Rep. Ron Paul (R-Texas) in his run for the Republican Party’s presidential nomination was famously following a “delegate strategy” aimed at caucus states, rather than striving for mass popular votes in primary states. The advantage of this strategy is that its results were more malleable and less cut and dried than “you earn delegates based on the popular vote.”
Now the disadvantages of that delegate strategy are becoming clear: The results are more malleable and less cut and dried than “you get delegates based on the popular vote.”
In four states, the question of how many delegates to the Republican National Convention in Tampa in late August will end up dedicated to Paul is embroiled in challenges and appeals to the national party.
Last week, the Paul campaign challenged all 46 delegates sent to the RNC by the state party in Louisiana. The party honored the delegation of a small, rump anti-Paul faction that broke from the Paul majority during the state party’s June convention. As CNN reported:
"We believe that they grossly and blatantly and repeatedly violated their party rules and elected a delegation that was improper," said Paul's campaign chairman Jesse Benton. "We believe that our rump convention is the legitimate delegation and they have a right to be seated at the Republican National Convention."
Even some Romney partisans from the state are telling the RNC that the delegation the Louisiana state party is trying to send to Tampa is illegitimate.
Earlier in July, the Paul campaign challenged the Oregon Republican Party’s attempts to unseat—illegitimately, the campaign insists—some Paul alternate delegates.
Sixteen duly elected Paul delegates from Massachusetts who had their status stripped from them for refusing to sign affidavits (or in some cases supposedly filing them too late or with insufficiently specific language) swearing to vote for Romney even though they prefer Paul are challenging that action by the state party with the RNC. An affidavit from a stripped delegate, Brad Wyatt, explains that he was told by the state GOP chairman that he just didn’t trust Wyatt and that the Romney campaign had “just cause to refuse to certify you.”
From the other direction, in a state whose delegation Paul firmly controlled, Maine, a prominent Republican, Peter E. Cianchette, last week filed a challenge with the RNC to de-Paulify the delegation. He claimed, as the Associated Press reported, that “there were illegal votes at May's state Republican Convention, that a quorum wasn't present when votes for delegates were cast, and that convention officials violated party and parliamentary rules.”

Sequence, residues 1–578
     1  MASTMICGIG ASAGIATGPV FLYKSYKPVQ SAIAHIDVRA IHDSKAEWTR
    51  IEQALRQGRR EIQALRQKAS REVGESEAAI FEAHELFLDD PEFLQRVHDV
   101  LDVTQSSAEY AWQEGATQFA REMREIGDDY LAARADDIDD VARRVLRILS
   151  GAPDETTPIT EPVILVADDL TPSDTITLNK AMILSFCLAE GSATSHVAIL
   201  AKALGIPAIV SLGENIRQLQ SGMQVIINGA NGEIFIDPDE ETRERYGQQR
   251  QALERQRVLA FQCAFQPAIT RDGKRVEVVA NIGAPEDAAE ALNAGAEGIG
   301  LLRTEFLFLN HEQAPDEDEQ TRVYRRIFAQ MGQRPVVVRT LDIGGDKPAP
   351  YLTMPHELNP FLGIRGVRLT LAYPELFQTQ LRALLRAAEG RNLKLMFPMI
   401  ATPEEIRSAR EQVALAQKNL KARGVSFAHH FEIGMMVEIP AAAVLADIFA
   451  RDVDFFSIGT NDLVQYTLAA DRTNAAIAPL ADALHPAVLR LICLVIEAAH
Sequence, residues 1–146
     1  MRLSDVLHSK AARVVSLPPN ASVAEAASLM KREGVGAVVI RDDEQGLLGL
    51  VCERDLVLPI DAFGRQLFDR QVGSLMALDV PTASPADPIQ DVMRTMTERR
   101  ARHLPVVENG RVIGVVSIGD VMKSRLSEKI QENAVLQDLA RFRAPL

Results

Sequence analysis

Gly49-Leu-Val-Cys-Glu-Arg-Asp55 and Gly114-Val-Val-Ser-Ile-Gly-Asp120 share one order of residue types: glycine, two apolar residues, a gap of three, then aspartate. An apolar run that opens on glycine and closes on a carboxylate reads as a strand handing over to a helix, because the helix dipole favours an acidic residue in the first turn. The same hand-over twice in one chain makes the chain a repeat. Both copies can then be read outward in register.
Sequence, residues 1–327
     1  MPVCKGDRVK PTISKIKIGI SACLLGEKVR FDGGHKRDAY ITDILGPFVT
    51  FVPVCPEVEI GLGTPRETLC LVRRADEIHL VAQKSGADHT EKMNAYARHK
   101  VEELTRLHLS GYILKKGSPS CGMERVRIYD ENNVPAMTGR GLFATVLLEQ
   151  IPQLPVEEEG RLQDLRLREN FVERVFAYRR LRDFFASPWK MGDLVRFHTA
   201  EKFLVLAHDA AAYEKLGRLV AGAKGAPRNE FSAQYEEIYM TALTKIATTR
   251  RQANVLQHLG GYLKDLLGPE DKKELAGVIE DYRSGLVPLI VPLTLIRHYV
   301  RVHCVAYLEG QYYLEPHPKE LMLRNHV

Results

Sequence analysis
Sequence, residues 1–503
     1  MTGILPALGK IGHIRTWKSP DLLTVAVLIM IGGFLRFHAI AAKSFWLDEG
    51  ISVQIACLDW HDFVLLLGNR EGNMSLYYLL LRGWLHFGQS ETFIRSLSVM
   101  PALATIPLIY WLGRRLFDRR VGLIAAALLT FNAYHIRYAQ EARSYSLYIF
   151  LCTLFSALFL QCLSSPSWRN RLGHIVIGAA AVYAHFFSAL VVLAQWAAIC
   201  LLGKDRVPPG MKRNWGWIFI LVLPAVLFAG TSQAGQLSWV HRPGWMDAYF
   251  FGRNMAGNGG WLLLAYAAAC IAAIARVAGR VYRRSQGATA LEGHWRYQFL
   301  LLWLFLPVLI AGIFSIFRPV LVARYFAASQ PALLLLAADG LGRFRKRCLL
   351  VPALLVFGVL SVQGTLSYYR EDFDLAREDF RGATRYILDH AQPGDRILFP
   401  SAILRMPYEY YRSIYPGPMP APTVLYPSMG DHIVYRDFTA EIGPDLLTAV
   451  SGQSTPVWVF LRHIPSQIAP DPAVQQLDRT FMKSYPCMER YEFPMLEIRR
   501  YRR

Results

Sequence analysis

These various challenges go before the national party’s contest committee in the next couple of weeks, and can be then considered by the credentials committee. What does all this state delegation tumult say about relations between the Paul campaign and the rest of the GOP? Clearly, on the state level, existing party apparati are not afraid of fighting Paulians outright. Paul fans are collecting grievances about sketchy party actions that worked to Romney’s favor across the nation.
USA Today a couple of weeks back ran a story—whose theme was supported by on-the-record comments from Paul’s political director Jesse Benton—spinning without much substance the idea that “the national party is welcoming Paul and his supporters to the event with open arms.”
The story didn’t have many concrete facts to support the thesis. It spun as a big favor to Paul that the party didn’t use its control over most of the available gathering spaces in Tampa to prevent Paul from holding a rally but in fact helped him find a venue. As Paul activist (he was the mastermind behind the famous Ron Paul Blimp in 2008) Trevor Lyman wrote in reaction to the USA Today story:
The RNC is offering Ron Paul a location for his own rally one day before the actual convention. This is NOT a speaking role, nor any kind of role, at the convention itself. This is NOT an offer to influence the party platform, nor an opportunity to influence the debate. Rather, this is an offer to put Ron Paul and his supporters into a ‘Freedom of speech zone‘, a place where you’re allowed to protest and speak out, and that also happens to be at a location where no one can hear you.
Virginia Gov. Bob McDonnell, head of the platform committee at the RNC, told the Washington Times that he expects to see great influence from both Paul and his son Sen. Rand Paul (R-Ky.) in terms of ideas in the platform. Yet McDonnell also says there’s “about 80 percent overlap of ideas between traditional conservatives within the party and the libertarian wing,” which elides both foreign policy and strong and immediate cuts in spending, areas where Paul’s people believe in a far smaller and less activist government than Romney does.
Investor and Paul fan Mark Spitznagel wrote at Forbes this week about the ancient Chinese pedigree of Paul’s strategy, which Spitznagel identifies as “shi”—“cultivating the influence of the present on the future” like the slow flow of water rather than a full frontal assault. Spitznagel says that strategy manifests in Paul’s slow accretion of support among the young and on local and state Republican parties without forcing the sort of big all-or-nothing fight that many Paul fans dreamed of seeing in Tampa.